Without further waiting, let’s trigger a dump to integrate this new datasource. Either go to Dump tab and click on dumplabelicon or click on sources to go back to the sources list and click on dumpicon at the bottom of the datasource.

The dumper is triggered, and after few seconds, the uploader is automatically triggered. Commands can be listed by clicking at the top the page. So far we’ve run 3 commands to register the plugin, dump the data and upload the JSON documents to MongoDB. All succeeded.


We also have new notifications as shown by the red number on the right. Let’s have a quick look:


Going back to the source’s details, we can see the Dumper has been populated. We now know the release number, the data folder, when was the last download, how long it tooks to download the file, etc…


Same for the Uploader tab, we now have 323 documents uploaded to MongoDB.


Inspecting the data

Now that we have integrated a new datasource, we can move forward. Ultimately, data will be sent to ElasticSearch, an indexing engine. In order to do so, we need to tell ElasticSearch how the data is structured and which fields should be indexed (and which should not). This step consists of creating a “mapping”, describing the data in ElasticSearch terminology. This can be a tedious process as we would need to dig into some tough technical details and manually write this mapping. Fortunately, we can ask BioThings Studio to inspect the data and suggest a mapping for it.

In order to do so, click on Mapping tab, then click on inspectlabelicon.

We’re asked where the Hub can find the data to inspect. Since we successfully uploaded the data, we now have a Mongo collection so we can directly use this. Click on “OK” to let the Hub work and generate a mapping for us.


Since the collection is very small, inspection is fast, you should have a mapping generated within few seconds.


For each field highlighted in blue, you can decide whether you want the field to be searchable or not, and whether the field should be searched by default when querying the API. Let’s click on “gene” field and make it searched by default.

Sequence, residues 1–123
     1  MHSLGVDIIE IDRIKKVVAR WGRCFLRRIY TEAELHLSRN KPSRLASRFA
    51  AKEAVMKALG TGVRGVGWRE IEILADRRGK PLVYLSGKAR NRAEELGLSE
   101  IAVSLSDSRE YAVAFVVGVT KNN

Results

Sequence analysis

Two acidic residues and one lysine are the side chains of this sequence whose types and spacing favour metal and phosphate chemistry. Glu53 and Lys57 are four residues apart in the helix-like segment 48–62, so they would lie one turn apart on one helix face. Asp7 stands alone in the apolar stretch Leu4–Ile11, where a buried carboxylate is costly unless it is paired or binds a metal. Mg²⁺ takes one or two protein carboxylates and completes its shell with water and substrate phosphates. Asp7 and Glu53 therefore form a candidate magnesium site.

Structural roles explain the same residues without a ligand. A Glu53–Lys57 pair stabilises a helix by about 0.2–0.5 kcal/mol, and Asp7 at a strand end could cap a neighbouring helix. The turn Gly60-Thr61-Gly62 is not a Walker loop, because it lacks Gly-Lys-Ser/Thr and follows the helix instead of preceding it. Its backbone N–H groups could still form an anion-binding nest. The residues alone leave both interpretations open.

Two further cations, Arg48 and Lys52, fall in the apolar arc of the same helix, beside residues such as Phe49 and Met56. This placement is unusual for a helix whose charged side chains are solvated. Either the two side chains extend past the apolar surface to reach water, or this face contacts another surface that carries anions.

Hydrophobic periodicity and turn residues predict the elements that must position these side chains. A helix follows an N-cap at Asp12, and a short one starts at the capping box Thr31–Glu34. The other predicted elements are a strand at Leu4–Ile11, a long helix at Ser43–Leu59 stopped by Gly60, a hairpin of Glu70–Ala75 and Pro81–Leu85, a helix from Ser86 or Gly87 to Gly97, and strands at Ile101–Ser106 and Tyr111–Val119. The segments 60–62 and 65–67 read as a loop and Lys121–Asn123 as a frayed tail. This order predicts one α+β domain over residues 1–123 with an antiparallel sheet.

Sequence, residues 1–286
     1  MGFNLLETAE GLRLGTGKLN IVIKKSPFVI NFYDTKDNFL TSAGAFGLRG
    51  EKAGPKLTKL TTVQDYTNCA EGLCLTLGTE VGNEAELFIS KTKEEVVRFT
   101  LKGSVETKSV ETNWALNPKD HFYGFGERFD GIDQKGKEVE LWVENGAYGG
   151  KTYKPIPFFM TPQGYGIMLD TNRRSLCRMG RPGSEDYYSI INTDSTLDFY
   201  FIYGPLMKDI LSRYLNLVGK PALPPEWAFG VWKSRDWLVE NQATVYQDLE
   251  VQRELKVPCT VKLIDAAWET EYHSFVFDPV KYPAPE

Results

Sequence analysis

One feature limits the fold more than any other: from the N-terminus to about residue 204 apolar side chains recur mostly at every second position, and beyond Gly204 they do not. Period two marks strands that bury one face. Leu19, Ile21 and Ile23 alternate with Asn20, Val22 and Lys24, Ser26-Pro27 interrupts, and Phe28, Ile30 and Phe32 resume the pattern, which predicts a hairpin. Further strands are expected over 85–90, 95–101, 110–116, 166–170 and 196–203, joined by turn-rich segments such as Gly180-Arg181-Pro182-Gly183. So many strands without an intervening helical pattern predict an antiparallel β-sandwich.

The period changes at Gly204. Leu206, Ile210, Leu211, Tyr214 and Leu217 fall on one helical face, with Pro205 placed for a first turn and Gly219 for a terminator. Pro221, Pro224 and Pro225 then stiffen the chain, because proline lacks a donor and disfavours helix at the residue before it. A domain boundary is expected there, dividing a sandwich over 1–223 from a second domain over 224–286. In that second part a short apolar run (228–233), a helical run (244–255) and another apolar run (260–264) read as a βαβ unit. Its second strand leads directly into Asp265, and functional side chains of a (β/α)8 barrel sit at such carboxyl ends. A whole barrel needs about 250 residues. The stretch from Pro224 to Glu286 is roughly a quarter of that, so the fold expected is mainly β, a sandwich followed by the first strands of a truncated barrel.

Indeed, by checking the “Search by default” checkbox, we will be able to search for instance gene “ABL1” with /query?q=ABL1 instead of /query?q=cgi.gene:ABL1.

After this modification, you should see edited at the top of the mapping, let’s save our changes clicking on savelabelicon. Also, before moving forwared, we want to make sure the mapping is valid, let’s click on validatelabelicon. You should see this success message:



“Validate on test” means Hub will send the mapping to ElasticSearch by creating a temporary, empty index to make sure the mapping syntax and content are valid. It’s immediately deleted after validation (wheter successful or not). Also, “test” is the name of an environment, by default, and without further manual configuration, this is the only development environment available in the Studio, pointing to embedded ElasticSearch server.

Everything looks fine, one last step is to “commit” the mapping, meaning we’re ok to use this mapping as the official, registered mapping, the one that will actually be used by ElasticSearch. Indeed the left side of the page is about inspected mapping, we can re-launch the inspection as many time as we want, without impacting active/registered mapping (this is usefull when the data structure changes). Click on commit then “OK”, and you now should see the final, registered mapping on the right:


Defining and creating a build

Once we have integrated data and a valid ElasticSeach mapping, we can move forward by creating a build configuration. A build configuration tells the Hub which datasources should be merged together, and how. Click on builds then menu and finally, click on newbuildconf.

  • enter a name for this configuration. We’re going to have only one configuration created through this tutorial so it doesn’t matter, let’s make it “default”
  • the document type represents the kind of documents stored in the merged collection. It gives its name to the annotate API endpoint (eg. /variant). This source is about variant, so “variant” it is…
  • open the dropdown list and select the sources you want to be part of the merge. We only have one, “mvcgi”